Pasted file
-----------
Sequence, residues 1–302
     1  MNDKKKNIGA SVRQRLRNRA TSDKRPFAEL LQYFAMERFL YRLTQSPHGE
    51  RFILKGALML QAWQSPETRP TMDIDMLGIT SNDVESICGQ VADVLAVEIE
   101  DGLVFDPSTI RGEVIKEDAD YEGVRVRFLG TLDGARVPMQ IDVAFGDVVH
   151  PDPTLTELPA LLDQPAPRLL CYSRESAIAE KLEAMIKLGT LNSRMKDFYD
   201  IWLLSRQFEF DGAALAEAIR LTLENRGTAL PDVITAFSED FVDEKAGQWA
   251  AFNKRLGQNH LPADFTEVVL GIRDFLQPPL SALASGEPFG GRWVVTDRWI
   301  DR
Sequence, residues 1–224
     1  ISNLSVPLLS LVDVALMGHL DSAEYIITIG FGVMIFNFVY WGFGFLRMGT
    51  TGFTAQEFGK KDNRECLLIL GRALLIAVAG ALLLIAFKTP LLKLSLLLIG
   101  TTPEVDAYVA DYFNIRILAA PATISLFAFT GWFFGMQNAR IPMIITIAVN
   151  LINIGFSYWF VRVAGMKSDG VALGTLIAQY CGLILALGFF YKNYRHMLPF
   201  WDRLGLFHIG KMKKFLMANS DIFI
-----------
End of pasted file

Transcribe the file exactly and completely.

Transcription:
Sequence, residues 1–302
     1  MNDKKKNIGA SVRQRLRNRA TSDKRPFAEL LQYFAMERFL YRLTQSPHGE
    51  RFILKGALML QAWQSPETRP TMDIDMLGIT SNDVESICGQ VADVLAVEIE
   101  DGLVFDPSTI RGEVIKEDAD YEGVRVRFLG TLDGARVPMQ IDVAFGDVVH
   151  PDPTLTELPA LLDQPAPRLL CYSRESAIAE KLEAMIKLGT LNSRMKDFYD
   201  IWLLSRQFEF DGAALAEAIR LTLENRGTAL PDVITAFSED FVDEKAGQWA
   251  AFNKRLGQNH LPADFTEVVL GIRDFLQPPL SALASGEPFG GRWVVTDRWI
   301  DR
Sequence, residues 1–224
     1  ISNLSVPLLS LVDVALMGHL DSAEYIITIG FGVMIFNFVY WGFGFLRMGT
    51  TGFTAQEFGK KDNRECLLIL GRALLIAVAG ALLLIAFKTP LLKLSLLLIG
   101  TTPEVDAYVA DYFNIRILAA PATISLFAFT GWFFGMQNAR IPMIITIAVN
   151  LINIGFSYWF VRVAGMKSDG VALGTLIAQY CGLILALGFF YKNYRHMLPF
   201  WDRLGLFHIG KMKKFLMANS DIFI